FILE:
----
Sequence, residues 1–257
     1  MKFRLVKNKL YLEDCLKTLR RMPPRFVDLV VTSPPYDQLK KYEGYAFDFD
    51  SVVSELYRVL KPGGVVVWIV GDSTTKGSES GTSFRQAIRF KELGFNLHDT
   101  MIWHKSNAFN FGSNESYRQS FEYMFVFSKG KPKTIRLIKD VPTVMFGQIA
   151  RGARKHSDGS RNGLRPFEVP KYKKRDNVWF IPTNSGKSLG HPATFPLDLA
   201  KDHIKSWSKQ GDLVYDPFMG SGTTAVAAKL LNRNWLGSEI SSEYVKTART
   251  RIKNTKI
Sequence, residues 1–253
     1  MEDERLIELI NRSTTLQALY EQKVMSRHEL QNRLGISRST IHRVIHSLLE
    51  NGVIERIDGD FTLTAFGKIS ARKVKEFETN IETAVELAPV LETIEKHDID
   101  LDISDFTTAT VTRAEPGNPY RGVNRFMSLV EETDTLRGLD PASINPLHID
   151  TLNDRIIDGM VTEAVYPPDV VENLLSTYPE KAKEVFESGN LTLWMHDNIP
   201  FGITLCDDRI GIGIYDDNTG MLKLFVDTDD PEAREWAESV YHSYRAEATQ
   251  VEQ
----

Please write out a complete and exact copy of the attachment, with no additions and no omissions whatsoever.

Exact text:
Sequence, residues 1–257
     1  MKFRLVKNKL YLEDCLKTLR RMPPRFVDLV VTSPPYDQLK KYEGYAFDFD
    51  SVVSELYRVL KPGGVVVWIV GDSTTKGSES GTSFRQAIRF KELGFNLHDT
   101  MIWHKSNAFN FGSNESYRQS FEYMFVFSKG KPKTIRLIKD VPTVMFGQIA
   151  RGARKHSDGS RNGLRPFEVP KYKKRDNVWF IPTNSGKSLG HPATFPLDLA
   201  KDHIKSWSKQ GDLVYDPFMG SGTTAVAAKL LNRNWLGSEI SSEYVKTART
   251  RIKNTKI
Sequence, residues 1–253
     1  MEDERLIELI NRSTTLQALY EQKVMSRHEL QNRLGISRST IHRVIHSLLE
    51  NGVIERIDGD FTLTAFGKIS ARKVKEFETN IETAVELAPV LETIEKHDID
   101  LDISDFTTAT VTRAEPGNPY RGVNRFMSLV EETDTLRGLD PASINPLHID
   151  TLNDRIIDGM VTEAVYPPDV VENLLSTYPE KAKEVFESGN LTLWMHDNIP
   201  FGITLCDDRI GIGIYDDNTG MLKLFVDTDD PEAREWAESV YHSYRAEATQ
   251  VEQ